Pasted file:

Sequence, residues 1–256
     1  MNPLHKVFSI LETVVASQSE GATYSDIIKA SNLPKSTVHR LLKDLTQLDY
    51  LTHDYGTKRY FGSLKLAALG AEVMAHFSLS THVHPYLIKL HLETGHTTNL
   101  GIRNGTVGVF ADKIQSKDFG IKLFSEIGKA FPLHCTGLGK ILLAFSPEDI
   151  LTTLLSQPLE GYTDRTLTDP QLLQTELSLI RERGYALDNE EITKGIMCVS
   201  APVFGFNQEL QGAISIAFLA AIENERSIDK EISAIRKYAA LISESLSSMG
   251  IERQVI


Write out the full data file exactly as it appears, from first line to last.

Sequence, residues 1–256
     1  MNPLHKVFSI LETVVASQSE GATYSDIIKA SNLPKSTVHR LLKDLTQLDY
    51  LTHDYGTKRY FGSLKLAALG AEVMAHFSLS THVHPYLIKL HLETGHTTNL
   101  GIRNGTVGVF ADKIQSKDFG IKLFSEIGKA FPLHCTGLGK ILLAFSPEDI
   151  LTTLLSQPLE GYTDRTLTDP QLLQTELSLI RERGYALDNE EITKGIMCVS
   201  APVFGFNQEL QGAISIAFLA AIENERSIDK EISAIRKYAA LISESLSSMG
   251  IERQVI